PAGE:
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Home ▸ Catalog ▸ |Themes & Provenance| ▸ |Types| ▸ |Athletics & Games||View Options:  |  |  | 

Atheletics and Games on Ancient Coins

Gallienus, August 253 - September 268 A.D., Side, Pamphylia

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A thyrsos and a torch on another Side reverse mentioning the Agon Mystikos (BMC 118) indicates the Sidetan Mystikos was dedicated to Dionysos and Demeter, and perhaps also to the Roman emperor (see J. Noll: Der Agon Mystikos in Side, in: Chiron 16 (1986), pp. 204-206). As Dionysos is, among other roles, a god of the arts, it was likely an artistic rather than athletic competition. Noll dated the conferment of the Sidetan Agon Mystikos to the time of Hadrian, but as the first reference to it comes from coins of Gallienus (such this coin). More likely, the Agon was founded in the mid 3rd century, perhaps in fact under Gallienus, whose interest in mystery cults is well attested and who was famously initiated into the Eleusian Mysteries himself (like Hadrian!).
RP88915. Bronze AE 32, SNG PfPs -, SNG BnF -, SNGvA -, SNG Cop -, BMC Lycia -, Lindgren -; ISEGRIM -; et al. -; c/m: Howgego 805 (169 pcs, applied 253 - 268 A.D.), aF, legends weak, a little off center, rough and porous, weight 17.252 g, maximum diameter 32.2 mm, die axis 30o, Side (near Selimiye, Antalya Province, Turkey) mint, joint reign, Aug 253 - 260 A.D.; obverse AYT KAI ΠOY ΛI ΓAΛΛIHNOC CE, laureate, draped and cuirassed bust right, seen from behind; countermark on right: E (5 assaria) in 7.5mm round punch obliterating IA (prior mark of value); reverse IEPA ΠVΘIAE IEPOC MYCTIKOC (holy Pythian [games], sacred, mystical), two prize urns containing palms, set on an agonistic table, table edge inscribed CI∆HW, uncertain object(s) or inscription below table top and in exergue (if any); we could not find a single specimen of this type online or in our many references - this is the only specimen of this type known to FORVM; extremely rare; $200.00 (176.00)


Philip I the Arab, February 244 - End of September 249 A.D.

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During Philip's reign the 1000th anniversary of Rome (248 A.D.) was celebrated, and magnificent games were held. This coin was issued as part of that celebration and the reverse undoubted depicts one of the animal types displayed and hunted in the Colosseum during the games.
RB87835. Orichalcum sestertius, RIC IV 160a; Cohen V 183, Hunter III 107, SRCV III 9012, VF, nice portrait, well centered, some bumps and scratches, a little rough and porous, edge cracks, traces of shellac(?), weight 16.917 g, maximum diameter 28.6 mm, die axis 0o, Rome mint, 248 A.D.; obverse IMP M IVL PHILIPPVS AVG, laureate, draped (and cuirassed?) bust right, from behind; reverse SAECVLARES AVGG (Secular games [provided by] the Emperors), stag standing right, S C (senatus consulto) in exergue; $180.00 (158.40)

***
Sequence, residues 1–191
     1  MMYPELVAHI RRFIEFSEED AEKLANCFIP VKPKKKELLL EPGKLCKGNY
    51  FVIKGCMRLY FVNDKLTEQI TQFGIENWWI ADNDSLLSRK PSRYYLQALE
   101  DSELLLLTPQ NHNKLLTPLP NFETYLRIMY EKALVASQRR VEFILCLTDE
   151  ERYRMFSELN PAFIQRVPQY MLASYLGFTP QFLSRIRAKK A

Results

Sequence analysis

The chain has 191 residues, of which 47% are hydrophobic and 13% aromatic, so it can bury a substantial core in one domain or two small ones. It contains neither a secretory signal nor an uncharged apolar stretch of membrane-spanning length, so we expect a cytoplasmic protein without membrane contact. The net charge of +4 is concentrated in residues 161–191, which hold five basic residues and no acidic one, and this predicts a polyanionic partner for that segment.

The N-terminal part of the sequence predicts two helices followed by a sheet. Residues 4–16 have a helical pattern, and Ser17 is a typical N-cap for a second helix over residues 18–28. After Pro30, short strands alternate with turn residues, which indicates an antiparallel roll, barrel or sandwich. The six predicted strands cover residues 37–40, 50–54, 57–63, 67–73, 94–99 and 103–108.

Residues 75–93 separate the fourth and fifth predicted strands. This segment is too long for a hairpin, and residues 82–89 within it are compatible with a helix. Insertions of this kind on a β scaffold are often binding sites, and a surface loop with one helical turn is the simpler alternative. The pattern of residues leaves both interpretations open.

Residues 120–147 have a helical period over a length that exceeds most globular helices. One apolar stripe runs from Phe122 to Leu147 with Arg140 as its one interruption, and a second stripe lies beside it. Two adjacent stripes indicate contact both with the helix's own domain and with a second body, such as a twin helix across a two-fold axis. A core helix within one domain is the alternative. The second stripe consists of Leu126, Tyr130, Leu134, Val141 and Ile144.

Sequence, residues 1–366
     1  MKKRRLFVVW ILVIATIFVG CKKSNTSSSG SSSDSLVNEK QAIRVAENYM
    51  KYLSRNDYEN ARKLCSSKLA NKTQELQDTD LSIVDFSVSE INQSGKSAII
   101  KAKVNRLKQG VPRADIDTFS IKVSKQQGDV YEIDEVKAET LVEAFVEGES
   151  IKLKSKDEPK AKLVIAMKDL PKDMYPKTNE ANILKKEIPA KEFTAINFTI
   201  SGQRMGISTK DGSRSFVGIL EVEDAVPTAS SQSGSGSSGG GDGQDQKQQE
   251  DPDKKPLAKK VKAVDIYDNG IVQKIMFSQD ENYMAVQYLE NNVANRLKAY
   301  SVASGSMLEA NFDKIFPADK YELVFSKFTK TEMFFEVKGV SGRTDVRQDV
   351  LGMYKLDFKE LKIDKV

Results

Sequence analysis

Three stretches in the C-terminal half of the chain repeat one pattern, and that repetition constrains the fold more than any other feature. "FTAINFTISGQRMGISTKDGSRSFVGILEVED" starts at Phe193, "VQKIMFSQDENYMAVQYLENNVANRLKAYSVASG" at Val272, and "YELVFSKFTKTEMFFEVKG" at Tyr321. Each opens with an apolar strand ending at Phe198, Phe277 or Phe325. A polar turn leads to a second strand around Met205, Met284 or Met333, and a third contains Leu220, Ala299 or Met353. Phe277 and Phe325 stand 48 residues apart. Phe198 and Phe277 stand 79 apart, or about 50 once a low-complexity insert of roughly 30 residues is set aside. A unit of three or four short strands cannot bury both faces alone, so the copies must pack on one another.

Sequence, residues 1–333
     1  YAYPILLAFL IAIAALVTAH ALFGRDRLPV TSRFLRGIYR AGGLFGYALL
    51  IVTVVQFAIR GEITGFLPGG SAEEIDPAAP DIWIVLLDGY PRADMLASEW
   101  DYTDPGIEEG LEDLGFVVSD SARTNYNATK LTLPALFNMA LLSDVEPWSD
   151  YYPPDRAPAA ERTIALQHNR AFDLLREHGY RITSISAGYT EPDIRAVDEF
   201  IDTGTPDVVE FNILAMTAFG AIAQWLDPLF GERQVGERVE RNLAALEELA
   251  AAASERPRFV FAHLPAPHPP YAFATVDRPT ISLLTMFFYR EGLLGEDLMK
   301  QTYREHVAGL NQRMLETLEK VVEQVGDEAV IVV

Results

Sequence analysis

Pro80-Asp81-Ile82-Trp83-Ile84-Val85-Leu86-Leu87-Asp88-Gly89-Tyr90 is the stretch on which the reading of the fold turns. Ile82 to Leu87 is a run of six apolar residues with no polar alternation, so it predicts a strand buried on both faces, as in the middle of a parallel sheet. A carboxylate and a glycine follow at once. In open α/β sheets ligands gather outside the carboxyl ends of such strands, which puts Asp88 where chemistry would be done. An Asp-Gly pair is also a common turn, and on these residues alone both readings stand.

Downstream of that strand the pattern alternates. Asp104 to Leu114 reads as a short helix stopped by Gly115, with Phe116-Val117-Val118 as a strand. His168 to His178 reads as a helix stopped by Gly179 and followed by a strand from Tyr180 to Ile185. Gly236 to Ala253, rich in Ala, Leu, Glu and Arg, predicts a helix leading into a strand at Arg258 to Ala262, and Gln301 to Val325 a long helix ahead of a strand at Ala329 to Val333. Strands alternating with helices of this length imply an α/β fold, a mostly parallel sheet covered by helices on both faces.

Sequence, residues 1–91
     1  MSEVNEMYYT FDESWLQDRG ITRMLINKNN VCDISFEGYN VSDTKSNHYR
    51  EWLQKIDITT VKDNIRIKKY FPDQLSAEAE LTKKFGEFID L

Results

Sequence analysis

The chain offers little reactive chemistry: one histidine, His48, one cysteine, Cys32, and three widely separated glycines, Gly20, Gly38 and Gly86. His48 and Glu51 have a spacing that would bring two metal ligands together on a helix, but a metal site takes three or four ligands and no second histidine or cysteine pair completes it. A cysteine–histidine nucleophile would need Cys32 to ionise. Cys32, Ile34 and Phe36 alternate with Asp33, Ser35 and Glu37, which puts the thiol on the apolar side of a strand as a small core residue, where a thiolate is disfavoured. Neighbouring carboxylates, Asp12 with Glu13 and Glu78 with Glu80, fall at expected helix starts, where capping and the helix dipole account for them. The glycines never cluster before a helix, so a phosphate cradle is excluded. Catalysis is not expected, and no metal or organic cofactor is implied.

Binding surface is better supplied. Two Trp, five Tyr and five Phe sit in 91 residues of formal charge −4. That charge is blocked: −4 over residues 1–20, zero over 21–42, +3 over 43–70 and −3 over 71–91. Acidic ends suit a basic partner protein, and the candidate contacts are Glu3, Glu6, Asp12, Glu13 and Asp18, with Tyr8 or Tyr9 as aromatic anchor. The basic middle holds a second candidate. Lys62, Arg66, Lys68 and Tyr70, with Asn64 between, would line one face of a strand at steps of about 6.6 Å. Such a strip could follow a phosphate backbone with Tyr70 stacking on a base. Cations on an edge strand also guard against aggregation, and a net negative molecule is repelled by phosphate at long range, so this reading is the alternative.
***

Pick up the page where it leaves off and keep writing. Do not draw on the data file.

Larissa, Thessaly, Greece, c. 450 - 400 B.C.

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During religious games, the young men of Thessaly participated in bull jumping and bull wrestling. In bull wrestling, participants would jump from a horse, naked save a chlamys (cloak) and petasos (hat), to bring a bull down to the ground. The obverse shows a wrestler bringing down a bull and the reverse shows the horse running free after the leap was made. The game may have originated in Asia Minor and then traveled to Crete, where it is known the people of Thessaly learned the sport.
GS73425. Silver drachm, Lorber Thessalian 50, SNG Cop 110, BCD Thessaly I 1128, BCD Thessaly II 175, HGC 4 420 (S), F, well centered, die wear, obverse rough, weight 5.760 g, maximum diameter 20.3 mm, die axis 45o, Larissa mint, c. 450 - 400 B.C.; obverse hero Thessalos restraining bull, both left, holding band around its head, nude but for billowing chlamys tied around his neck, petasos tied around neck flying behind; reverse bridled horse running right, trailing rein, ΛAPI/ΣAIA in two lines above and below, all within shallow incuse square; ex BCD Collection with his tag noting, "Ex Spink's Auction 36, 30/31 May 84, lot 11 (part), the lot for 130.-"; scarce; $140.00 (123.20)


Philip I the Arab, February 244 - End of September 249 A.D.

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In April 248, Philip combined the celebration of Rome's 1000th anniversary with the Ludi Saeculares. Festivities included spectacular games and theatrical presentations. In the Colosseum, more than 1,000 gladiators were killed along with hundreds of exotic animals including hippos, leopards, lions, giraffes, and one rhinoceros. At the same time, Philip elevated his son to the rank of co-Augustus.
RS89482. Silver antoninianus, RIC IV 10, RSC IV 241, Hunter III 43, SRCV III 8916, VF, well centered, frosty surfaces, light bumps and marks, die wear, weight 4.107 g, maximum diameter 22.1 mm, die axis 0o, 5th officina, Rome mint, 248 - 249 A.D.; obverse IMP PHILIPPVS AVG, radiate and draped, seen from behind; reverse VIRTVS AVGG (courage of the two emperors), Philip I and II on horseback galloping right, E in exergue; ex Numismatik Naumann auction 73, part of lot 970; $110.00 (96.80)


Aspendos, Pamphylia, c. 2nd - 1st Century B.C.

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After Alexander took Perga peacefully, Aspendos sent envoys to offer surrender if he would not take the taxes and horses formerly paid as tribute to the Persian king. Agreeing, Alexander went on to Side, leaving a garrison behind. When he learned they had failed to ratify the agreement their own envoys had proposed, Alexander marched to the city. The Aspendians retreated to their acropolis and again sent envoys to sue for peace. This time, however, they had to agree to harsh terms - they would host a Macedonian garrison and pay 100 gold talents and 4,000 horses annually.
GB92207. Bronze AE 12, Lindgren 1075, cf. SNGvA 4583 var. (A-Σ across field), SNG BnF -, SNG Cop -, BMC Lycia -, aVF, green patina, weight 1.607 g, maximum diameter 12.3 mm, die axis 180o, Aspendos mint, 2nd - 1st century B.C.; obverse free horse galloping right, crescent horns up above; reverse ACΠE-N∆IΩN (clockwised from 3:00), slinger standing right, throwing bullet; ex Gerhard Rohde Ancient Coins; very rare; $100.00 (88.00)